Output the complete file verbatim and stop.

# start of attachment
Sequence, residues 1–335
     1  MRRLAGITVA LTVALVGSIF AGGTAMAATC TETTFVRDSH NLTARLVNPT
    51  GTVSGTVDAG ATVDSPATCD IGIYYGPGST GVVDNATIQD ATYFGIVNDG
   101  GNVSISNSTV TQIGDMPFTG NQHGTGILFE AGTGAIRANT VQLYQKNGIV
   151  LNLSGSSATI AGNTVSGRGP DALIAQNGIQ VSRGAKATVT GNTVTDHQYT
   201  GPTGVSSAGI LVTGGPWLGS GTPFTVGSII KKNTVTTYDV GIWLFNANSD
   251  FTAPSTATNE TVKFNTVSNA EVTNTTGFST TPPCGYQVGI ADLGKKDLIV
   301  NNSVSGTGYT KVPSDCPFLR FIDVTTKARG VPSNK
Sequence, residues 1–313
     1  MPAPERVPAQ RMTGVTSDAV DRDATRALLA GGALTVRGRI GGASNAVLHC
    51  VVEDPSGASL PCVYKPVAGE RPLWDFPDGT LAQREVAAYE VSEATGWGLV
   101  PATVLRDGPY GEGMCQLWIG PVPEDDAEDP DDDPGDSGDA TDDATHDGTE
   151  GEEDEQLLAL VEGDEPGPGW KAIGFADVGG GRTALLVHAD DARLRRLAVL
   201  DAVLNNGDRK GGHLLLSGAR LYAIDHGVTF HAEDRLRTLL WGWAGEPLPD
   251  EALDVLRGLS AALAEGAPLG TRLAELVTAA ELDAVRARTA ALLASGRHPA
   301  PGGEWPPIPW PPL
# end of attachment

Sequence, residues 1–335
     1  MRRLAGITVA LTVALVGSIF AGGTAMAATC TETTFVRDSH NLTARLVNPT
    51  GTVSGTVDAG ATVDSPATCD IGIYYGPGST GVVDNATIQD ATYFGIVNDG
   101  GNVSISNSTV TQIGDMPFTG NQHGTGILFE AGTGAIRANT VQLYQKNGIV
   151  LNLSGSSATI AGNTVSGRGP DALIAQNGIQ VSRGAKATVT GNTVTDHQYT
   201  GPTGVSSAGI LVTGGPWLGS GTPFTVGSII KKNTVTTYDV GIWLFNANSD
   251  FTAPSTATNE TVKFNTVSNA EVTNTTGFST TPPCGYQVGI ADLGKKDLIV
   301  NNSVSGTGYT KVPSDCPFLR FIDVTTKARG VPSNK
Sequence, residues 1–313
     1  MPAPERVPAQ RMTGVTSDAV DRDATRALLA GGALTVRGRI GGASNAVLHC
    51  VVEDPSGASL PCVYKPVAGE RPLWDFPDGT LAQREVAAYE VSEATGWGLV
   101  PATVLRDGPY GEGMCQLWIG PVPEDDAEDP DDDPGDSGDA TDDATHDGTE
   151  GEEDEQLLAL VEGDEPGPGW KAIGFADVGG GRTALLVHAD DARLRRLAVL
   201  DAVLNNGDRK GGHLLLSGAR LYAIDHGVTF HAEDRLRTLL WGWAGEPLPD
   251  EALDVLRGLS AALAEGAPLG TRLAELVTAA ELDAVRARTA ALLASGRHPA
   301  PGGEWPPIPW PPL